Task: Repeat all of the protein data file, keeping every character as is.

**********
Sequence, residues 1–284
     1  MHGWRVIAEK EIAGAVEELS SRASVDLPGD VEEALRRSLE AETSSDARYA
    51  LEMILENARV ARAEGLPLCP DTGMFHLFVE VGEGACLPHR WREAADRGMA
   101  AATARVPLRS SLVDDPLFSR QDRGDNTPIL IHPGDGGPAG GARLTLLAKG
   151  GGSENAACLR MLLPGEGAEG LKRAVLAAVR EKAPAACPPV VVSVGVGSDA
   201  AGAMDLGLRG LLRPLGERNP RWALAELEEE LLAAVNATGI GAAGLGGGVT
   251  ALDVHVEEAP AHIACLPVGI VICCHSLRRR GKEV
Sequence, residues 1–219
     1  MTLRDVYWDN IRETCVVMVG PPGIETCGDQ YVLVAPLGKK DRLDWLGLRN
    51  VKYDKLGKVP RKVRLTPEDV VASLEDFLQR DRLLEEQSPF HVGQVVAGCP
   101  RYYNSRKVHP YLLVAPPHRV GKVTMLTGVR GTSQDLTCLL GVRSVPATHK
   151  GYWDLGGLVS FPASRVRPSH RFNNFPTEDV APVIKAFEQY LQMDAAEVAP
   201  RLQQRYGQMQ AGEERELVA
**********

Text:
Sequence, residues 1–284
     1  MHGWRVIAEK EIAGAVEELS SRASVDLPGD VEEALRRSLE AETSSDARYA
    51  LEMILENARV ARAEGLPLCP DTGMFHLFVE VGEGACLPHR WREAADRGMA
   101  AATARVPLRS SLVDDPLFSR QDRGDNTPIL IHPGDGGPAG GARLTLLAKG
   151  GGSENAACLR MLLPGEGAEG LKRAVLAAVR EKAPAACPPV VVSVGVGSDA
   201  AGAMDLGLRG LLRPLGERNP RWALAELEEE LLAAVNATGI GAAGLGGGVT
   251  ALDVHVEEAP AHIACLPVGI VICCHSLRRR GKEV
Sequence, residues 1–219
     1  MTLRDVYWDN IRETCVVMVG PPGIETCGDQ YVLVAPLGKK DRLDWLGLRN
    51  VKYDKLGKVP RKVRLTPEDV VASLEDFLQR DRLLEEQSPF HVGQVVAGCP
   101  RYYNSRKVHP YLLVAPPHRV GKVTMLTGVR GTSQDLTCLL GVRSVPATHK
   151  GYWDLGGLVS FPASRVRPSH RFNNFPTEDV APVIKAFEQY LQMDAAEVAP
   201  RLQQRYGQMQ AGEERELVA